> the list, incrementing them by 1 each time.  So, if I grabbed page 2
    > of the list I would get:
    >
    > [{'a':'a', 'b':'b', 'position':1001}, {'c':'c', 'd':'d', 'position':
    > 1002}, ...]
    >
    > Any way to do that with list comprehension?  Any other good way to do
    > it besides iterating over the list?


    Normally you wouldn't mutate the items in a list with a list
    comprehension. Instead, you would use a for loop, like this:

    for idx,item in enumerate(my_list_of_dicts):
    item['position'] = idx

    Is there a particular reason you want to do this with a list
    comprehension? Using a list comp means you're going to create an
    extra copy of your 10 million item list, just so you can add a key to
    each member, then (probably) throw away the original list. It doesn't
    seem like the right tool for the job here.

    --
    Jerry
     
    Jerry Hill, Jul 9, 2009
    #4
  5. Sean

    Sean Guest

    On Jul 9, 1:16 pm, Sean <> wrote:
    > I have a huge list, 10,000,000+ items.  Each item is a dictionary with
    > fields used to sort the list.  When I have completed sorting I want to
    > grab a page of items, say 1,000 of them which I do easily by using
    > list_data[x:x+1000]
    >
    > Now I want to add an additional key/value pair to each dictionary in
    > the list, incrementing them by 1 each time.  So, if I grabbed page 2
    > of the list I would get:
    >
    > [{'a':'a', 'b':'b', 'position':1001}, {'c':'c', 'd':'d', 'position':
    > 1002}, ...]
    >
    > Any way to do that with list comprehension?  Any other good way to do
    > it besides iterating over the list?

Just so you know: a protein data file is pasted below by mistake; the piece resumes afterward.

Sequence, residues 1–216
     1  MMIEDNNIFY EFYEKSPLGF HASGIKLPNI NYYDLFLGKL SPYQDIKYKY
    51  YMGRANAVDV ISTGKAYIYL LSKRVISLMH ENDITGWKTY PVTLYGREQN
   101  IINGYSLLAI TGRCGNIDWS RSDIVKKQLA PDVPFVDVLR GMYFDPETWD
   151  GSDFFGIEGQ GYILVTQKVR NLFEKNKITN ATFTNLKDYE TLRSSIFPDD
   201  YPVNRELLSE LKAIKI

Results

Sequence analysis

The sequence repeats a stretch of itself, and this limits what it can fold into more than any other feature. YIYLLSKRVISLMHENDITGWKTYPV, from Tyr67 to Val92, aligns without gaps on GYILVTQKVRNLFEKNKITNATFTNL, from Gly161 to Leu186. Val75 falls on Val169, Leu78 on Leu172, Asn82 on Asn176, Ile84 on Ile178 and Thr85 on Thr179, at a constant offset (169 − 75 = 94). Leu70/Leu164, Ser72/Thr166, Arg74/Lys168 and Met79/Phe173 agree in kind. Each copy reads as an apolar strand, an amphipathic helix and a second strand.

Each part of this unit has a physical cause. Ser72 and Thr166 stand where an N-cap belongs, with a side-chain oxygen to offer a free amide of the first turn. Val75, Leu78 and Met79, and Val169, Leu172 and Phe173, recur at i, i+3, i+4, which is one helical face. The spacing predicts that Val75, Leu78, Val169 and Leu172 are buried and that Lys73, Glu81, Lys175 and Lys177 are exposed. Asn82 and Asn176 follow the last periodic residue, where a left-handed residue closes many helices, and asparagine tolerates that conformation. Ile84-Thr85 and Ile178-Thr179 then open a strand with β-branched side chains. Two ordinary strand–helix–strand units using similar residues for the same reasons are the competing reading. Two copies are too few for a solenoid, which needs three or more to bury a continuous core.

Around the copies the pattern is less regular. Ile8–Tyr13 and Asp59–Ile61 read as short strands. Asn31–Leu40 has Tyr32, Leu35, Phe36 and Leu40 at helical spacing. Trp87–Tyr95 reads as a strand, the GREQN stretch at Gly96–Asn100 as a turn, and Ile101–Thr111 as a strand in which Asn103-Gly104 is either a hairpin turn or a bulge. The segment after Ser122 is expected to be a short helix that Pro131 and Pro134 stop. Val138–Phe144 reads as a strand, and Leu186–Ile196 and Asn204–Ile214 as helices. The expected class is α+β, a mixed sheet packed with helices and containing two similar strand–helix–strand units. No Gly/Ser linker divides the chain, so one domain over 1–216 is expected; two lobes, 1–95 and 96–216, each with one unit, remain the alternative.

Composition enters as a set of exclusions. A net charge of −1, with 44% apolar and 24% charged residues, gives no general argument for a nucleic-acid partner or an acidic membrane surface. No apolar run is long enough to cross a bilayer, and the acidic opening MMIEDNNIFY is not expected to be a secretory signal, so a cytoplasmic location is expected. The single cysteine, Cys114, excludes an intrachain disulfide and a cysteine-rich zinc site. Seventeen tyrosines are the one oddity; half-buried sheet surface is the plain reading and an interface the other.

>
    > Thanks


    I was able to do this by doing the following:
    page_data = [[start_position + 1 + n, x] for n, x in enumerate
    (page_data)]

    However, this creates a list of lists, each containing an int and a
    dictionary. I wanted to add it directly to the dictionary. I can add
    the key position to the dictionary when the data is created, but how
    would I assign the value in a list comprehension?
     
    Sean, Jul 9, 2009
    #5
  6. Sean

    Carl Banks Guest

    On Jul 9, 1:16 pm, Sean <> wrote:
    > I have a huge list, 10,000,000+ items.  Each item is a dictionary with
    > fields used to sort the list.  When I have completed sorting I want to
    > grab a page of items, say 1,000 of them which I do easily by using
    > list_data[x:x+1000]
    >
    > Now I want to add an additional key/value pair to each dictionary in
    > the list, incrementing them by 1 each time.  So, if I grabbed page 2
    > of the list I would get:
    >
    > [{'a':'a', 'b':'b', 'position':1001}, {'c':'c', 'd':'d', 'position':
    > 1002}, ...]
    >
    > Any way to do that with list comprehension?  Any other good way to do
    > it besides iterating over the list?



    Not really, but if you want to avoid the delay in setting the
    dictionary elements (I'm guessing that is why you don't want to
    iterate over the list--and parenthetically it's not iterating over the
    list but adding dictionary items that is driving the time, and that
    cost is unavoidable), you should consider adding the position elements
    on demand. That is, instead of running a big loop once to add
    position to all ten million elements, just run the loop on individual
    pages.

    def get_page(start,end):
    page = list_data[start:end]
    for i,item in enumerate(page):
    page['position'] = start+i
    return page


    That might not work depending on what you are doing but you should
    consider it.


    Carl Banks
     
    Carl Banks, Jul 9, 2009
    #6